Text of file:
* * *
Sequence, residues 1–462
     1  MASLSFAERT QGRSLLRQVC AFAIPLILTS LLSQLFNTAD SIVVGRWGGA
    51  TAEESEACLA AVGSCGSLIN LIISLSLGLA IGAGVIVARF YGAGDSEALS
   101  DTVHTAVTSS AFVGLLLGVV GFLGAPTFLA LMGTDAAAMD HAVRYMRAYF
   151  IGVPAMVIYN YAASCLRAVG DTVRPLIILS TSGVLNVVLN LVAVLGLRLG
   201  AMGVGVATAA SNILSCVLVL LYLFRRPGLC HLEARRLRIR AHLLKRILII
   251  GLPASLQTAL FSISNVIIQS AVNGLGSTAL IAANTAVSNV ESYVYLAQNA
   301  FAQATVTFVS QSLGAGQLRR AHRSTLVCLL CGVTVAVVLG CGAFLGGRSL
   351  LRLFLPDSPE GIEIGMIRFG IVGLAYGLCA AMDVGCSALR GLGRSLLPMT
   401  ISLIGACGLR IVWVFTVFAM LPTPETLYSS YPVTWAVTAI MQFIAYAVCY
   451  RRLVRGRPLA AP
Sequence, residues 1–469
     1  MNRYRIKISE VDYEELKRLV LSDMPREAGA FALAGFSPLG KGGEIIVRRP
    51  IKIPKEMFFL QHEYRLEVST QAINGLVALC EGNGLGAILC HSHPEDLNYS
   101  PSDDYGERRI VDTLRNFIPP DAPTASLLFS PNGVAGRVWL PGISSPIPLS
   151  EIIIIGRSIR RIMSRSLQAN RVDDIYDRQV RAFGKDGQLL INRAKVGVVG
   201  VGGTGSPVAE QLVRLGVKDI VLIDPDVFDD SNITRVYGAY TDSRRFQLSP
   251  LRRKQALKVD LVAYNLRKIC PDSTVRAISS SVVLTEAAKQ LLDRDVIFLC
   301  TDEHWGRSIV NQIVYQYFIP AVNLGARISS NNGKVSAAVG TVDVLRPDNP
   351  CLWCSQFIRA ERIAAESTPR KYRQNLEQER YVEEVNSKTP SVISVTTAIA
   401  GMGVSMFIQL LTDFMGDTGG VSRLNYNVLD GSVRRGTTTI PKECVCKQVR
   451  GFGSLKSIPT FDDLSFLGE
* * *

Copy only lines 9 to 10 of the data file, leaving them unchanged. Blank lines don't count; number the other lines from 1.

   351  LRLFLPDSPE GIEIGMIRFG IVGLAYGLCA AMDVGCSALR GLGRSLLPMT
   401  ISLIGACGLR IVWVFTVFAM LPTPETLYSS YPVTWAVTAI MQFIAYAVCY